HIV-1 subtypes and recombinants in Northern Tanzania: distribution of viral quasispecies.


Kiwelu, IE; Novitsky, V; Margolin, L; Baca, J; Manongi, R; Sam, N; Shao, J; McLane, MF; Kapiga, SH; Essex, M; (2012) HIV-1 subtypes and recombinants in Northern Tanzania: distribution of viral quasispecies. PLoS One, 7 (10). e47605. ISSN 1932-6203 DOI: https://doi.org/10.1371/journal.pone.0047605

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Abstract

This study analyzed the distribution and prevalence of HIV-1 subtypes, multiplicity of HIV-1 infection, and frequency of inter-subtype recombination among HIV-1-infected female bar and hotel workers in Moshi, Kilimanjaro Region, Tanzania, from 2004 to 2007. The HIV-1 viral sequences spanning the V1-C5 region of HIV-1 env gp120 were analyzed from 50 subjects by single genome amplification and sequencing (SGA/S) technique. A total of 1740 sequences were amplified and sequenced from the HIV-1 proviral DNA template. The median env sequences analyzed per subject per two time points was 38 (IQR 28-50) over one year of HIV infection. In a subset of 14 subjects, a total of 239 sequences were obtained from HIV-1 RNA template at the baseline visit. The most prevalent HIV-1 subtypes were A1 (56%) and C (30%), while HIV-1 subtype D and inter-subtype recombinant viruses were found in 6% and 8% of subjects respectively. Transmission of multiple HIV-1 variants was evident in 27% of the subjects infected with pure HIV-1 subtypes A1, C, or D. The HIV-1 inter-subtype recombinants were found in 8% including HIV-1 C/A, D/A, and complex mosaic recombinants. Multiple viral variants were found in two subjects infected with inter-subtype recombinants. One subject harbored quasispecies of both pure HIV-1 A1 and C/A recombinant. The other subject was infected with two complex mosaic inter-subtype recombinant variants belonging to subtype D. HIV-1 multiple infections and ongoing recombination contribute significantly to the genetic diversity of circulating HIV-1 in Tanzania and have important implications for vaccine design and the development of therapeutic strategies.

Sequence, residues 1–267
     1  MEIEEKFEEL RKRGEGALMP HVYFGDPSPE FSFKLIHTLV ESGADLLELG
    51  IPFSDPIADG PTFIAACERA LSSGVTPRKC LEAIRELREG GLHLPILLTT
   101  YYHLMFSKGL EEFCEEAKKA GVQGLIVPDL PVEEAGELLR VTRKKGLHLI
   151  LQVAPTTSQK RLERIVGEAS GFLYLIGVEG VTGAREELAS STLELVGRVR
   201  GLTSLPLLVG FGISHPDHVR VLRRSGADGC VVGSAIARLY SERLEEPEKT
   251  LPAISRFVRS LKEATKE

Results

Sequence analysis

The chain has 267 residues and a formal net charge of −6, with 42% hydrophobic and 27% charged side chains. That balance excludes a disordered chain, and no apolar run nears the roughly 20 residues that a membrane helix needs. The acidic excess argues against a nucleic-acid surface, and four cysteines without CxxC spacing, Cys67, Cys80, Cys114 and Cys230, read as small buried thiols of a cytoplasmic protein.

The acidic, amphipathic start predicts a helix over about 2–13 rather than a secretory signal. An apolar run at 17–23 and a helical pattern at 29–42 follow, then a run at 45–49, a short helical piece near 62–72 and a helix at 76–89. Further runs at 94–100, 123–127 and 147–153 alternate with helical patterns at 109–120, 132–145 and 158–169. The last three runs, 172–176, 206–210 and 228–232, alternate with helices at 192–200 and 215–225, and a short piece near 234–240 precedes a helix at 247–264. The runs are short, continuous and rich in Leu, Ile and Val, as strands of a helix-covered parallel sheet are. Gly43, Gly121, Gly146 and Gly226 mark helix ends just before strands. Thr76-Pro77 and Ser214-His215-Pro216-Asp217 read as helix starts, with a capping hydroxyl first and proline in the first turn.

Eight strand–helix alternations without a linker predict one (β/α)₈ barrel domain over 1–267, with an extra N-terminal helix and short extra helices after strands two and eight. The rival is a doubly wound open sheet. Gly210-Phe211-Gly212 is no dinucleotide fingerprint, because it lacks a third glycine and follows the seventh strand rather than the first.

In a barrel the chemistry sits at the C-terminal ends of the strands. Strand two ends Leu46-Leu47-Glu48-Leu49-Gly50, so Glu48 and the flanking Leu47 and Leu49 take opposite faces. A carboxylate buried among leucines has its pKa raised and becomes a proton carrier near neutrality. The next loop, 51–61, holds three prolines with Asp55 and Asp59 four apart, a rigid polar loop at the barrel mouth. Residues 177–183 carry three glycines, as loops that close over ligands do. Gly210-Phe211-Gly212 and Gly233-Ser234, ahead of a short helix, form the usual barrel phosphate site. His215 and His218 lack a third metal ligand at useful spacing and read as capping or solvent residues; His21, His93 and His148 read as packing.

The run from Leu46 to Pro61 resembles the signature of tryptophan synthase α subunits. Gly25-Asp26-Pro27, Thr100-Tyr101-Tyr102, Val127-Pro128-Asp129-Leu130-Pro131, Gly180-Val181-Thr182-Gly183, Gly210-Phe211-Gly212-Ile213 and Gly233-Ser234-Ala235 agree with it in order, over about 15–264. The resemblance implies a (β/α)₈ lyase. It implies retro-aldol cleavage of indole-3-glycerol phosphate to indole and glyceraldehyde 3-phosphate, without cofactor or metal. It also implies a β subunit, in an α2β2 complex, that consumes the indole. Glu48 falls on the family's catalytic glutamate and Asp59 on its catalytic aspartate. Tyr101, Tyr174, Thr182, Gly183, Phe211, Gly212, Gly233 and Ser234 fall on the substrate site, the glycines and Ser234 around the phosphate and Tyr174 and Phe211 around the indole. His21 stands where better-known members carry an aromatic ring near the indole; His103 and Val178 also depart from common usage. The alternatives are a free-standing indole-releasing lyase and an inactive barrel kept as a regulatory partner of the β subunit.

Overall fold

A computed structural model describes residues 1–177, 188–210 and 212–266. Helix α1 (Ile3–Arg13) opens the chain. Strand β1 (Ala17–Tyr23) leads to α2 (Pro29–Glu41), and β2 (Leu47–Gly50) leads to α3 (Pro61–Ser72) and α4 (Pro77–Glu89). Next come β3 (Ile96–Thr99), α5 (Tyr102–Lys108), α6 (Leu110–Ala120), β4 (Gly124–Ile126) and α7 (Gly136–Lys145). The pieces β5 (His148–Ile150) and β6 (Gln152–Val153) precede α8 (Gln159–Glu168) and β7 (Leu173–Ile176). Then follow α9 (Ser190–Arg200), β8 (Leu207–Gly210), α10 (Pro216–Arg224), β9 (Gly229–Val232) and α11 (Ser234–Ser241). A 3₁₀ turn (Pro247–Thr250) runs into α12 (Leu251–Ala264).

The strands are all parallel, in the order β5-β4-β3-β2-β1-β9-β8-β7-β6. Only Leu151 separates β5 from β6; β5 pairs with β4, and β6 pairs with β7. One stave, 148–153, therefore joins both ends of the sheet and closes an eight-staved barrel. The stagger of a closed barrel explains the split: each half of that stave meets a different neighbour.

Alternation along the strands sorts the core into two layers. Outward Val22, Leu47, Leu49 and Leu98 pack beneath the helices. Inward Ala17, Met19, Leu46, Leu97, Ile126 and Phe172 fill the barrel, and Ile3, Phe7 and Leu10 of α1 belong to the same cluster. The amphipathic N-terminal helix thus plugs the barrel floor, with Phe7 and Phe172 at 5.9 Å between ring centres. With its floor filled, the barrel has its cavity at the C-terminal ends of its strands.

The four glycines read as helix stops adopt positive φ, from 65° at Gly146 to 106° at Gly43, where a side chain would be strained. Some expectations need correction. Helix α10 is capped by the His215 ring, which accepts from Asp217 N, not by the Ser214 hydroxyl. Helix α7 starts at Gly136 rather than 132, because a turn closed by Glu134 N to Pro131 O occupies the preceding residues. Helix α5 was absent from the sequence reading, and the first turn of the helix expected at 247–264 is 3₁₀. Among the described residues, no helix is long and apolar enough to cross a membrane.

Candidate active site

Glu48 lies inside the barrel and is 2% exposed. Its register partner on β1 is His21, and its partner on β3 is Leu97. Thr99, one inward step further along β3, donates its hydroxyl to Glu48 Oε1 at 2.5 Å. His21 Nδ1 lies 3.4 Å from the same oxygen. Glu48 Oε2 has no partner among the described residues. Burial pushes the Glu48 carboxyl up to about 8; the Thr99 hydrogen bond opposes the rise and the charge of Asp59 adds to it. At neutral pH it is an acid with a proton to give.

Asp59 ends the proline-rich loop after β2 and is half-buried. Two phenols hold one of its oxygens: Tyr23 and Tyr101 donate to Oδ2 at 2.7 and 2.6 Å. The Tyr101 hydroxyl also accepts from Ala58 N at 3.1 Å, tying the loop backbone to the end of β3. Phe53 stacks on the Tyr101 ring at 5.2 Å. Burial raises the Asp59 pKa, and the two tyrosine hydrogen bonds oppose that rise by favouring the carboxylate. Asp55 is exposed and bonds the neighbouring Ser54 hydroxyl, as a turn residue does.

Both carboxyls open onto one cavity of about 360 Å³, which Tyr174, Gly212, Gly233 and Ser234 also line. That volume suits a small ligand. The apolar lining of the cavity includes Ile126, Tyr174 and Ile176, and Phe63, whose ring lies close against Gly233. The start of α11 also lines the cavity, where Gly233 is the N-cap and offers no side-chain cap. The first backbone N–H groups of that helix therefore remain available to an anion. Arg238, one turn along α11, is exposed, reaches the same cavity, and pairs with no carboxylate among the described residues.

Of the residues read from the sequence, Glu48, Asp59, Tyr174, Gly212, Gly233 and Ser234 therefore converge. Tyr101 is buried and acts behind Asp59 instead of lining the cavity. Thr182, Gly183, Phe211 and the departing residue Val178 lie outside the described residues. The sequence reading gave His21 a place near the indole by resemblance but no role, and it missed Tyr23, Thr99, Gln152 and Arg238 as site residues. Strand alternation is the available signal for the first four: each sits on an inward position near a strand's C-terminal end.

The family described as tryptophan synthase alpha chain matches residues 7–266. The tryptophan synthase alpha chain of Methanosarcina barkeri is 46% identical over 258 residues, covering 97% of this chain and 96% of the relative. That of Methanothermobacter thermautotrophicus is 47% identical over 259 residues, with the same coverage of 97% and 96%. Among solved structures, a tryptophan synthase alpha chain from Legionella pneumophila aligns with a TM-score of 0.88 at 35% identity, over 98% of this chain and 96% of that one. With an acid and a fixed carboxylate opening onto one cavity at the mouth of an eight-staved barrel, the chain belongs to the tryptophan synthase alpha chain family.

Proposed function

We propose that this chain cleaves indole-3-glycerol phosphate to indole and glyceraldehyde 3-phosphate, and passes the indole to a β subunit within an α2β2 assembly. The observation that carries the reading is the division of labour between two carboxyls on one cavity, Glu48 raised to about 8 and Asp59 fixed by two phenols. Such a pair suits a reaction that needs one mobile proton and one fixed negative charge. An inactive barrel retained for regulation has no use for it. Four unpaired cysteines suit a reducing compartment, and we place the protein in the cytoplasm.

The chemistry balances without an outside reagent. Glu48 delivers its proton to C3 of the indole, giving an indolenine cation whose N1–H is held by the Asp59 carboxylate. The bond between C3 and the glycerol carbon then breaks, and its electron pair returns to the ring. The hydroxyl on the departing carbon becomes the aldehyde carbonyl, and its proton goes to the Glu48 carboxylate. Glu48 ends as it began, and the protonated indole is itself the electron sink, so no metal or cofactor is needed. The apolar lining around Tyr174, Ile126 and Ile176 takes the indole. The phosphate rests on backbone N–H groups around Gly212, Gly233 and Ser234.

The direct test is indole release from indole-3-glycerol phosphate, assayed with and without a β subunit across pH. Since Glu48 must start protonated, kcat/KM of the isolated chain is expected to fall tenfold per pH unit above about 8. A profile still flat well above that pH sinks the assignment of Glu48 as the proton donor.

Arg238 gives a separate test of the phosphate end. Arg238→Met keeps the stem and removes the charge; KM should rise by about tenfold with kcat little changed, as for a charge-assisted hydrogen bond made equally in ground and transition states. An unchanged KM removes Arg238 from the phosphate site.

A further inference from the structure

Item Type: Article
Faculty and Department: Faculty of Epidemiology and Population Health > Dept of Infectious Disease Epidemiology
Research Centre: Centre for Global Non-Communicable Diseases (NCDs)
STRIVE
PubMed ID: 23118882
Web of Science ID: 310600500026
URI: http://researchonline.lshtm.ac.uk/id/eprint/1082653

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